For many people, bringing home and decorating a freshly cut Christmas tree is a memorable tradition each holiday season. In a land so abundant with evergreens, the Northern Wilds offer several options for those looking to find the perfect tree: from tree farms to roadside stands and even hiking in the forest for wild-grown trees.
Doug Hoffbauer is the owner of Farmer Doug, a family farm near Duluth’s Spirit Mountain. In addition to locally grown foods and maple syrup, Hoffbauer first planted Christmas trees in 1987, and together with his son Jesse tends 50 acres of Christmas trees.
“I have a degree in forestry from the U of M and always had an interest in growing things,” Hoffbauer said.
The farm has nine varieties of Christmas trees, predominately balsam fir, and offers both wholesale and choose-and-cut trees. Farmer Doug’s trees can be found at the Duluth Farmer’s Market and at the West Duluth Super One parking lot (beginning November 26). In addition to Farmer Doug’s trees, other members of the Hoffbauer family also provide balsam wreaths: Hoffbauer’s son Derek is the owner of Duluth Flower Farm, which makes holiday balsam wreaths and garlands. The Duluth Flower Farm’s wreaths can be found at Dan’s Feed Bin in Superior, as well as online at: balsamwreath.com.
Farther up the shore, the Surbaugh family also operates a Christmas tree farm. Located on Pike Lake Road in Cook County, the Surbaughs bought the business from longtime Christmas tree farmer Karen Smaby.
“She was a neighbor who had seen our kids grow up, and last year she came to us and said that she was no longer able to operate the tree farm,” said Steve. “She asked if we wanted to operate it on a lease. We acquired the farm in the spring of 2020 and had our first season of sales in the winter.”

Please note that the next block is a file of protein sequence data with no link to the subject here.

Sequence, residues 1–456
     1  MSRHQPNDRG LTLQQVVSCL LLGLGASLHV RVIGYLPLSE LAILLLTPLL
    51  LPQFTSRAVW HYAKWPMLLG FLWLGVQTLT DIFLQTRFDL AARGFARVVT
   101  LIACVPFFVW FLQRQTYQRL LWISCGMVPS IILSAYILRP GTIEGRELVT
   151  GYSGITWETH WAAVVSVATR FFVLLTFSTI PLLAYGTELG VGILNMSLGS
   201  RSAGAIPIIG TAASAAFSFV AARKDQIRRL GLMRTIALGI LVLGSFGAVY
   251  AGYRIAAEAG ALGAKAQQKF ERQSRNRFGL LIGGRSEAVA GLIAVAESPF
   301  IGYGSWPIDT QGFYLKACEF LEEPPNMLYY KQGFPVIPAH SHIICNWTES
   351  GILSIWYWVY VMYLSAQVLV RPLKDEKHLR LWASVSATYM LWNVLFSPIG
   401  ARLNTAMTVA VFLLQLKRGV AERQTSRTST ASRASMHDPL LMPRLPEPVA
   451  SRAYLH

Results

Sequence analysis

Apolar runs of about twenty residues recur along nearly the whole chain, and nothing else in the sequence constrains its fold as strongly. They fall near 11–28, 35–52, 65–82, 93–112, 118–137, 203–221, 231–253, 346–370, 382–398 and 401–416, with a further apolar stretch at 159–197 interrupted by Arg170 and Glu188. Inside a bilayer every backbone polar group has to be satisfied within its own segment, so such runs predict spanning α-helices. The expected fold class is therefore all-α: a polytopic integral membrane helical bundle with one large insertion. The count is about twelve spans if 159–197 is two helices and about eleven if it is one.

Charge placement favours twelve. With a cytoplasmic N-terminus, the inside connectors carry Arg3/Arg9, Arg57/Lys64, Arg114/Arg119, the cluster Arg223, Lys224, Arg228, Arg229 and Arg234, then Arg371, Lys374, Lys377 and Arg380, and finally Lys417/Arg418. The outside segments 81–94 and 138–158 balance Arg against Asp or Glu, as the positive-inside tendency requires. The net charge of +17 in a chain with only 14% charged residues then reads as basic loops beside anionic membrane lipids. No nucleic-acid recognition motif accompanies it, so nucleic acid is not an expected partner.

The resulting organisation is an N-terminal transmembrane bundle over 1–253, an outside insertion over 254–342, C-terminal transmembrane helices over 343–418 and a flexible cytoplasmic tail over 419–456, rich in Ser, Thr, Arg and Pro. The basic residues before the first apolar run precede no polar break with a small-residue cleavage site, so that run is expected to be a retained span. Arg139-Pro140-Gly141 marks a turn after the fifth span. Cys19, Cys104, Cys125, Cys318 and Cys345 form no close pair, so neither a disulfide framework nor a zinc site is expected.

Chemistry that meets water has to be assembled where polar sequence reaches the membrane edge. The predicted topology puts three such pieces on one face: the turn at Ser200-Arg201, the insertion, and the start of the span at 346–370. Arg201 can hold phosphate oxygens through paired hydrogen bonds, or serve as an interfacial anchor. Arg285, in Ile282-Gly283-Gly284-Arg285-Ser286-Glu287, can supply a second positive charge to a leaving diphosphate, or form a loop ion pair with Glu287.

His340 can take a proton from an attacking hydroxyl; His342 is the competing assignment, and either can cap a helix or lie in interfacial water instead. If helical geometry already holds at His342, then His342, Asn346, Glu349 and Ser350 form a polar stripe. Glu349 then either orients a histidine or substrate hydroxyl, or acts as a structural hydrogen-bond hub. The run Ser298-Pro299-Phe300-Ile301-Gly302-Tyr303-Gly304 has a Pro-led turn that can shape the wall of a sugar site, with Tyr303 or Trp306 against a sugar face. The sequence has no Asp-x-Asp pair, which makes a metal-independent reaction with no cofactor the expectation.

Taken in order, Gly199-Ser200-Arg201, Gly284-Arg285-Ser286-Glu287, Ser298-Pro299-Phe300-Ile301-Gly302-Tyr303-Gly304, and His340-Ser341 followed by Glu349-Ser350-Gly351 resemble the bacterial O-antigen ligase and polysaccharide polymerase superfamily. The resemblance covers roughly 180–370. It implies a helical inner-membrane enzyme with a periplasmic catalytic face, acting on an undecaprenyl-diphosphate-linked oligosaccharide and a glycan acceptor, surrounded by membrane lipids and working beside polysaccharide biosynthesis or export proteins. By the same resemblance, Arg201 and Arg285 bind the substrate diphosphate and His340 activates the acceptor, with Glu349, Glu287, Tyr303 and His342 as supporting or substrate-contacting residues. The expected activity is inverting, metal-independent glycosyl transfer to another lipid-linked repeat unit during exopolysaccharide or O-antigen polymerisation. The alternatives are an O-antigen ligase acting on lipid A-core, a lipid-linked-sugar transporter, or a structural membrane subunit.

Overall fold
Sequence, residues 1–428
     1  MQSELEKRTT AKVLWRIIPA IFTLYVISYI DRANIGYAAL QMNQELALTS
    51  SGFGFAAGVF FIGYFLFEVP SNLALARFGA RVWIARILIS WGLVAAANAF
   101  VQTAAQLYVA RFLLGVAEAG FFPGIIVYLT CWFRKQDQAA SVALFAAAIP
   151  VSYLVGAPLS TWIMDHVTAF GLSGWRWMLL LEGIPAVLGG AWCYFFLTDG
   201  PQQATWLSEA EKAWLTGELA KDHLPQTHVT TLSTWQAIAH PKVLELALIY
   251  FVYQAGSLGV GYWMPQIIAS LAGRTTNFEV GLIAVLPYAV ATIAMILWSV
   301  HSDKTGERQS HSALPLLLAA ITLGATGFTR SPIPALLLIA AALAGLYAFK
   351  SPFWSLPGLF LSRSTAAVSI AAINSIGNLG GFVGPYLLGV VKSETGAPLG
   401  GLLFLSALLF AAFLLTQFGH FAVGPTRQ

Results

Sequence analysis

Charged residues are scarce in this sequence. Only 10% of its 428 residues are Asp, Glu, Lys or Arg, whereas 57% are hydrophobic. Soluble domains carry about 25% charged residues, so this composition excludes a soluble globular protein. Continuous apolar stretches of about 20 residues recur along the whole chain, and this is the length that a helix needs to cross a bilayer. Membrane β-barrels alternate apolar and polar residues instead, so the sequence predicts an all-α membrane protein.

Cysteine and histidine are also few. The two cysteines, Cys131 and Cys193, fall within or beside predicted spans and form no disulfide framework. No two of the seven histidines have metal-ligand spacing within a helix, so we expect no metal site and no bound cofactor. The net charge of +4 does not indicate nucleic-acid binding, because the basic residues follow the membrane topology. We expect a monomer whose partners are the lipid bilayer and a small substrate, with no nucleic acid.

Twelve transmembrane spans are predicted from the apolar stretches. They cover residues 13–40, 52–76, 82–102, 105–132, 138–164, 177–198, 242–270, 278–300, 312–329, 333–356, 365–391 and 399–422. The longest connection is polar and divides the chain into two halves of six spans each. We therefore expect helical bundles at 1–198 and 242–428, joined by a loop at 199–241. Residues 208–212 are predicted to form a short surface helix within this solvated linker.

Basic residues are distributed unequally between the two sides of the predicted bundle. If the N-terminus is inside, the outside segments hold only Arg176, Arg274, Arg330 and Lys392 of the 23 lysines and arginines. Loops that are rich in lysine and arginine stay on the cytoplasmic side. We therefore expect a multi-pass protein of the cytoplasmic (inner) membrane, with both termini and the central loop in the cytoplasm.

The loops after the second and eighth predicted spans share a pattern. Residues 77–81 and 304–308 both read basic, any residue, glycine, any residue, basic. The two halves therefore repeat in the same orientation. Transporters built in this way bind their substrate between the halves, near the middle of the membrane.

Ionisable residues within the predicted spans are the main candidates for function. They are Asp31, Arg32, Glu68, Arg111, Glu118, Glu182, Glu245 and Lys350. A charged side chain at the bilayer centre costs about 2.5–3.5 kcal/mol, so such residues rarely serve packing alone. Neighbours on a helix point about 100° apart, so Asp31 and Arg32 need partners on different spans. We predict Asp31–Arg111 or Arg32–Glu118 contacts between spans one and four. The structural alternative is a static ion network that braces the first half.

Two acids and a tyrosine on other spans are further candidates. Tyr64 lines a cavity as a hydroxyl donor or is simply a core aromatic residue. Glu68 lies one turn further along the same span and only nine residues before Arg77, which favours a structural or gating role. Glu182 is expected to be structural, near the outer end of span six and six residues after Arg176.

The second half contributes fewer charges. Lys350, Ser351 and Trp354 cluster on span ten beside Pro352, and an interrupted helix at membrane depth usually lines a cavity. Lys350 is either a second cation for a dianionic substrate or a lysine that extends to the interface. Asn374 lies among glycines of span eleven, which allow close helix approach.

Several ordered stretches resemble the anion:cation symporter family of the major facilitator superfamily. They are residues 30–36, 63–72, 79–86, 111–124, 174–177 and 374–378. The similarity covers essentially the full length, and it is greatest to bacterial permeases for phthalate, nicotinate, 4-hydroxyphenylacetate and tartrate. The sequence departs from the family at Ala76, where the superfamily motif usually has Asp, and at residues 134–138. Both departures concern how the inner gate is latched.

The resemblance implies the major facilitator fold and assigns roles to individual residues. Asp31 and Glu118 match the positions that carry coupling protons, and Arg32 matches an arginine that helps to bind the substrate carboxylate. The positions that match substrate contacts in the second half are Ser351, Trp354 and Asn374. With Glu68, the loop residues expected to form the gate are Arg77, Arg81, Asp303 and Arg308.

Smaby passed away in the summer of 2020, but the Surbaugh family is keeping the tradition of the Christmas tree farm alive with a mix of wholesale and retail sales. Their trees can be found at Holiday in Grand Marais, as well as Isak Hansen’s in Lutsen. Last year, the Surbaughs also opened up a few weekends for people to come to the farm and pick their own tree to cut, announcing dates for tree cutting through local Facebook groups. Steve said that the plan is to do something similar this year, and will announce tree cutting dates in December.
Despite the seasonal nature of sales, Christmas tree farming is a year-round endeavor, from cutting trees in preparation for the holiday season to planting hundreds of seedlings in the spring for future years. Christmas tree farmers also shear trees to keep them growing in a balanced, classic cone shape, and check for trees that are not growing well and may not make it to maturity. While the length of time to maturity varies depending on the tree species, many take 10 years or more to grow from a seedling to Christmas tree-size, making tree farming a long-term commitment.
In addition to tree farms, North Shore residents also have the ability to add a little more adventure into their Christmas tree tradition by cutting a wild tree from the Superior National Forest. Every year the Forest Service offers tree harvesting permits, which allow purchasers to cut one tree from public National Forest land (excluding wilderness areas like the BWCAW). Permits are available online or at a Forest Service office, and permit-holders can enjoy a day of hiking through the beautiful Superior National Forest while hunting for the perfect tree. Permit-holders are encouraged to harvest balsam fir away from roadways and plantation sites. More information can be found online at: recreation.gov/tree-permits.